How To Lie With Statistics, by Darrel Huff
One of the more telling and unfortunate aspects of life is that those who crusade against something are usually guilty of what they are crusading against. Those who crusade against injustice are often spectacularly unjust in their own worldview and behavior towards others. To truly rage against a problem often requires a certain amount of self-loathing that can only come from suppressed self-knowledge. Such is the case here. The author rages against how one can lie with statistics, and though this book does not reveal it, the author happens to have been a part of a larger campaign to lie with statistics relating to public health and smoking. Given the ways that one can twist and deceive with statistics, it is little question that data that is often used to bolster various positions and stands can easily come into question given the poor levels of data expertise among the general population and even among others. This book is written with a tone that leads the reader to be entertained but also probably more than a little bit irritated and frustrated at the misuse that can befall us when we seek to use statistics as a way of bolstering what we want to be the case.
This book is a short one at between 100 and 150 pages and makes for an interesting read throughout. The book begins with acknowledgements and an introduction. After that the author talks about how one can construct a sample with a built-in bias, a classic way of lying with statistics (1). This is followed by a look at how one makes a well-chosen average to make the point one wants to make (2), and ignoring different insights that can come about from other means of central tendency like mode and median. The author then talks about little figures that are not there (3), as well as the way that people make much ado about what is practically nothing (4), including graphs done in such a way as to skew differences. This is followed by the gee-whiz graph, which is very common in, for example, arguments like climate change (5). After that come chapters on the one-dimensional picture (6), the semi-attached figure (7), and a look at the problem of post hoc (8). The book then ends with chapters on how to statisculate (9) and how to talk back to a bad statistic (10), which is a very necessary skill to have.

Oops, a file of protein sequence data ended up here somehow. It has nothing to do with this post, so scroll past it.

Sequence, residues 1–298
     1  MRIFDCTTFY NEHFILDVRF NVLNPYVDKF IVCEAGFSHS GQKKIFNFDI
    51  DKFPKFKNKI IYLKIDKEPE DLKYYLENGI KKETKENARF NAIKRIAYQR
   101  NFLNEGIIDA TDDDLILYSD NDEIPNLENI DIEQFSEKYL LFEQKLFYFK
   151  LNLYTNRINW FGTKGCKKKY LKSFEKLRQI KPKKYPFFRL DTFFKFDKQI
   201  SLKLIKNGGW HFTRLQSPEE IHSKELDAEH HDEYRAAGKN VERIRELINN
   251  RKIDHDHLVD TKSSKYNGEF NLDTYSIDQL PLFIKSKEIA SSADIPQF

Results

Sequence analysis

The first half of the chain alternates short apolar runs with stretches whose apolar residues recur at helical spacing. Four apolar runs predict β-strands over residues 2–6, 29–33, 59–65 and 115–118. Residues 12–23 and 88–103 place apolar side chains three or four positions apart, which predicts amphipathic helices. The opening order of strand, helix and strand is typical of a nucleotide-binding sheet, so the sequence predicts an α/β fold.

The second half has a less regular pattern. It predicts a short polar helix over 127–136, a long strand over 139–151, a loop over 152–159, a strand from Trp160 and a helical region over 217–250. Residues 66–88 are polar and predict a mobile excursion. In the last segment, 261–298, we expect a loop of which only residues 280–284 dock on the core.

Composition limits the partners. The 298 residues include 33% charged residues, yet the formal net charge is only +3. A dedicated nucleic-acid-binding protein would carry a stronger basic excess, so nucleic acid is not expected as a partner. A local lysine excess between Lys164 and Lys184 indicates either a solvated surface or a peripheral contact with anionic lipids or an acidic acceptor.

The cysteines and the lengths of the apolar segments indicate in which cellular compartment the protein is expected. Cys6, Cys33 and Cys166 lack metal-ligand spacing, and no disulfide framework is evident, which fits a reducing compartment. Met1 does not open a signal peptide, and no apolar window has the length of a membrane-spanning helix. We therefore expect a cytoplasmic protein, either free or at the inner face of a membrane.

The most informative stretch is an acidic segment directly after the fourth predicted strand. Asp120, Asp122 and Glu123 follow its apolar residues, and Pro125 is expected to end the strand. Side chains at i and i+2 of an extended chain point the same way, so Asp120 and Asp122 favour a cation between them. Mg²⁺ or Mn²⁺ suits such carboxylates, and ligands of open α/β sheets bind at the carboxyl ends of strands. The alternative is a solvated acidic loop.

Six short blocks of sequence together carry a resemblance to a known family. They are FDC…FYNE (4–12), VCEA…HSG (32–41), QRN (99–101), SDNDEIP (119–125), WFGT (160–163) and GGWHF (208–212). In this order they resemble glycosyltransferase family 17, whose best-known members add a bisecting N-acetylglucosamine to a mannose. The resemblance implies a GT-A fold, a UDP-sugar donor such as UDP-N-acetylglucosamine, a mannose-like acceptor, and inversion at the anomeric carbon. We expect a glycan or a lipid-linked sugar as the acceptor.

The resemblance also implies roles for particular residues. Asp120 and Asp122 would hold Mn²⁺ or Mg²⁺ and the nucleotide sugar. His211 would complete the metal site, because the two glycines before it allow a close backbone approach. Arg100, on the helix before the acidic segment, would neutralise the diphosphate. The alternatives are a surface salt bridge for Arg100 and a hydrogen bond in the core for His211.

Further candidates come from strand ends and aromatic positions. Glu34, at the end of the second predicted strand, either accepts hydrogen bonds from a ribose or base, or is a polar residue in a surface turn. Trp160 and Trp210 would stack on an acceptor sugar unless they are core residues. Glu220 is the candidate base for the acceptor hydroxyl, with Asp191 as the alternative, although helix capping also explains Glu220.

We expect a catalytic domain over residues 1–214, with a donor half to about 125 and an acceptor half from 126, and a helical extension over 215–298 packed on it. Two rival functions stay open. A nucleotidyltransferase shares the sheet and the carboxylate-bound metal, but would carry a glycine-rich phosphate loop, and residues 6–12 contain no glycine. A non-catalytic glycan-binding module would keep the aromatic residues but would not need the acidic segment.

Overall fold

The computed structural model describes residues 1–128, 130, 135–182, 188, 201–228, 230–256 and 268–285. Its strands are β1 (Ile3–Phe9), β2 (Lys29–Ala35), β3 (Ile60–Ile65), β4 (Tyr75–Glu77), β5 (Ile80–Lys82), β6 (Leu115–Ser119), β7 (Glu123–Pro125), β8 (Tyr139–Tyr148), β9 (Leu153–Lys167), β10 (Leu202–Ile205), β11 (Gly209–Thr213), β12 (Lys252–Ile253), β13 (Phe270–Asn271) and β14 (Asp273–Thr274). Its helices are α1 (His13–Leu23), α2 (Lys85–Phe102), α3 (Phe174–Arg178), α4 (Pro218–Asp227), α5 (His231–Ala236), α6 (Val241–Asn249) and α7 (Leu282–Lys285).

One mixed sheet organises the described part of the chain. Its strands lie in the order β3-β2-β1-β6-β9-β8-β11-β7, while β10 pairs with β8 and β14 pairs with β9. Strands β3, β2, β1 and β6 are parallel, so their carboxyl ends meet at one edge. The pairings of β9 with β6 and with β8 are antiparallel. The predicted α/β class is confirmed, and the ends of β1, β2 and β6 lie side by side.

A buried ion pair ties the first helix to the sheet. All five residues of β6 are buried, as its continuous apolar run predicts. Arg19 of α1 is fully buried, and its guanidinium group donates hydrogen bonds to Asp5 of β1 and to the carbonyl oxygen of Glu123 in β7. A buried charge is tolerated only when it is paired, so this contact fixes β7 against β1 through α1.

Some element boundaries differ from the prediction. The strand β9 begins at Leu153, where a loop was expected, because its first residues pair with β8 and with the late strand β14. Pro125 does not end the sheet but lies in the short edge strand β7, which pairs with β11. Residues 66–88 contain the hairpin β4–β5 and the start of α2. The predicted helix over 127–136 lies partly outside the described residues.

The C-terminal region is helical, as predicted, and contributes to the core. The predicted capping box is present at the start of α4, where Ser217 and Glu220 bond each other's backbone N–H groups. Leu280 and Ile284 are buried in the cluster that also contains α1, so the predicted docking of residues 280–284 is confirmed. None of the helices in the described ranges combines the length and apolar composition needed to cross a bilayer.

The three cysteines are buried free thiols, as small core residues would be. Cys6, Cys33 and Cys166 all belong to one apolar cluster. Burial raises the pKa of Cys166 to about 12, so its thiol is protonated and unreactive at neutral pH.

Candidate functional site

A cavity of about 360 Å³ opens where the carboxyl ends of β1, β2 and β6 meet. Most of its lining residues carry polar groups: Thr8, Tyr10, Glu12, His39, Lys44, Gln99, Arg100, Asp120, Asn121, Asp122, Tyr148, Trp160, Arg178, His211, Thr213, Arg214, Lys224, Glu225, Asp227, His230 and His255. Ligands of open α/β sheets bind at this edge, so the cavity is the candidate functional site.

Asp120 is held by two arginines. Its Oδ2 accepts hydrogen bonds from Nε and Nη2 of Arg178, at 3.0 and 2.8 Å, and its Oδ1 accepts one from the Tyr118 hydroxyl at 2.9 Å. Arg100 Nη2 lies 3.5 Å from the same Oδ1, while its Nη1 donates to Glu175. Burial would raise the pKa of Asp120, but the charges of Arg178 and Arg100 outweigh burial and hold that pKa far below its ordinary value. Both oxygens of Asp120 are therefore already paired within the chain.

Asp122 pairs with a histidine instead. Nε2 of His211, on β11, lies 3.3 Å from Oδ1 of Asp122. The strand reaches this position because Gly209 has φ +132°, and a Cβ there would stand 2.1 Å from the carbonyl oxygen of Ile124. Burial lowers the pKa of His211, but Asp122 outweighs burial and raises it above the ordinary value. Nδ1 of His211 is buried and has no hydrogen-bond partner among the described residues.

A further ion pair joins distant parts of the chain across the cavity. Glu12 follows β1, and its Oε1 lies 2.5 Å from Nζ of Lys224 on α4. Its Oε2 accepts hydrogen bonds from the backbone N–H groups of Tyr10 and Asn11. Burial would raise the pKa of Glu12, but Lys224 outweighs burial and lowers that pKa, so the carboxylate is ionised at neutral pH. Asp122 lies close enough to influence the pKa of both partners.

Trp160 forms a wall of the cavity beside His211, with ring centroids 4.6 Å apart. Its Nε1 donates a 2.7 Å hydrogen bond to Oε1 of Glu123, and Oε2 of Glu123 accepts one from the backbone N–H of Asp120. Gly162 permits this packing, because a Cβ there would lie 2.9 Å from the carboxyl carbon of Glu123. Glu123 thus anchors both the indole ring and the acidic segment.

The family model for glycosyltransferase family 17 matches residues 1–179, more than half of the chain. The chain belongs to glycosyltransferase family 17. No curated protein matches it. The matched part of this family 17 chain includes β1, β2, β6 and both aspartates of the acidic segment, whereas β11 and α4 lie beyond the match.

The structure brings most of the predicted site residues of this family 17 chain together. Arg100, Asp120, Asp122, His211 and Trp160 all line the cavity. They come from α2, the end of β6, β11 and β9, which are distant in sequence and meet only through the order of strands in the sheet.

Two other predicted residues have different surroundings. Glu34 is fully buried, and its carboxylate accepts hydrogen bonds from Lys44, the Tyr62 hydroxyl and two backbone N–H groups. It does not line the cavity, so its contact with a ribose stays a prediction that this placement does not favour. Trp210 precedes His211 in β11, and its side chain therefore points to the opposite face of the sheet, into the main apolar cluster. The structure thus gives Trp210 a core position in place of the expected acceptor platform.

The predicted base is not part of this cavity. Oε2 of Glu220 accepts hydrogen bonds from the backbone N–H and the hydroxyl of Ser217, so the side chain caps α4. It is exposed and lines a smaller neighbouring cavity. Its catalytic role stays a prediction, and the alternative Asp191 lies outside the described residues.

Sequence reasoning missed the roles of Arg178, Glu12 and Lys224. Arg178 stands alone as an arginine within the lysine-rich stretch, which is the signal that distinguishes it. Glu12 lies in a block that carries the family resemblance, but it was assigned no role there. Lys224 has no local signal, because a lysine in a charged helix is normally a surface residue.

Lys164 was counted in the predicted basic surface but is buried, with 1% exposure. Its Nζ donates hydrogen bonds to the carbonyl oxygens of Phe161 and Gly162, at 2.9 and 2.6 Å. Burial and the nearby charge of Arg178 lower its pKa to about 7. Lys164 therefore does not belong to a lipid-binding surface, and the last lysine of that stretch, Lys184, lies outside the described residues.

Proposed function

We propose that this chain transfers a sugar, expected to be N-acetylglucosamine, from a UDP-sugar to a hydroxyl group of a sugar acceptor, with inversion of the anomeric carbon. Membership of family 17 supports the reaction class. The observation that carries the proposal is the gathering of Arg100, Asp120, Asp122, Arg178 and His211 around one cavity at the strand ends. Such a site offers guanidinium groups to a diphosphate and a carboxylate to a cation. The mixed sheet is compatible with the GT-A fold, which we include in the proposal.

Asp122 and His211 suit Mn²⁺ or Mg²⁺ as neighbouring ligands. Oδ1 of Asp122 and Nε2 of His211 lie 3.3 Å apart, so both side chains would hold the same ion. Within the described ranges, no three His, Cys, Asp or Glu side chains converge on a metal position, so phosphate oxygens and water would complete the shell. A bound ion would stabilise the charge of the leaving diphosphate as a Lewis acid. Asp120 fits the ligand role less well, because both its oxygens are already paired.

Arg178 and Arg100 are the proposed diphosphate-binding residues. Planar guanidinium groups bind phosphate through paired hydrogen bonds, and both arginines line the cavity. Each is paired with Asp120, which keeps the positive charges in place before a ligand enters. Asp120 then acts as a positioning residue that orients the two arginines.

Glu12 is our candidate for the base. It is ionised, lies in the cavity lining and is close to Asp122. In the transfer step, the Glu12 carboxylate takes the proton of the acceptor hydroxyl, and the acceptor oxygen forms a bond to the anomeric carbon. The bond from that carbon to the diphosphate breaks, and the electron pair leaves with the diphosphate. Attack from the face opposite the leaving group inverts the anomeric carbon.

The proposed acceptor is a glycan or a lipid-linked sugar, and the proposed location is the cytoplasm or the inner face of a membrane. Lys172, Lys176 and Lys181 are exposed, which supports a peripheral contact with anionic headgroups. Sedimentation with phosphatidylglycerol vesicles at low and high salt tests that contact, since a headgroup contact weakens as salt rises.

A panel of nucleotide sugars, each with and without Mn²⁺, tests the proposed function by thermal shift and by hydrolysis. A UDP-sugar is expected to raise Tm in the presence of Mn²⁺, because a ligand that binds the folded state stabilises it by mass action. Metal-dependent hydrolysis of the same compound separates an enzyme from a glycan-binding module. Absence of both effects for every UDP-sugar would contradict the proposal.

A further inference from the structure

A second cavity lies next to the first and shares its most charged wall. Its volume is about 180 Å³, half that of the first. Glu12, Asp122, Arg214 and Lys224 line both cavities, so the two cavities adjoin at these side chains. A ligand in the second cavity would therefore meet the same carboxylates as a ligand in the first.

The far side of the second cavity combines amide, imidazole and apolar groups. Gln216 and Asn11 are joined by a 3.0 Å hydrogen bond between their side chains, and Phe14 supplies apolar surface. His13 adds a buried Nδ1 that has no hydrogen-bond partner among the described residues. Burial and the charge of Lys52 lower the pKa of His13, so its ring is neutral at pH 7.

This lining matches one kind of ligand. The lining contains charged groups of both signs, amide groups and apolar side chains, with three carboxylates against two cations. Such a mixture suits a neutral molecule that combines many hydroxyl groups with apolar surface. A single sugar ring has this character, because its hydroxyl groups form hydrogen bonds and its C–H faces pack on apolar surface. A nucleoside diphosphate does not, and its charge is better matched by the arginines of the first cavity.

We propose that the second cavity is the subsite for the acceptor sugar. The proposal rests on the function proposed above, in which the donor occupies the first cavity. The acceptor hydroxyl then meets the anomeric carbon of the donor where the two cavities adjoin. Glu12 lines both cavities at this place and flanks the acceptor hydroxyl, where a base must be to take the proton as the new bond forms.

One of the more interesting aspects of the book is the way that it leads the reader to be skeptical about the way that data is used and misused so often in the public sphere. Given that the motivation for people to lie is so great, it is little surprise that people end up being so deceptive so often with regards to statistics. The author does provide many ways that statistics can reliably lie, and these are conditions that exist in general over a large part of contemporary society. A great many aspects of contemporary political culture deal with areas where statistics are used and misused on a regular basis. There is a lot about this book that remains relevant even though the book was published in the 1950’s. It was timely at the time and remains timely to the present day, and likely will remain so as long as people lie with statistics, which has been going on for a long time, and is not likely going to stop anytime soon. The only thing one would have preferred to see is an update by someone else on how statistics continue to be used deceptively in the contemporary period by cultural, economic, and political elites.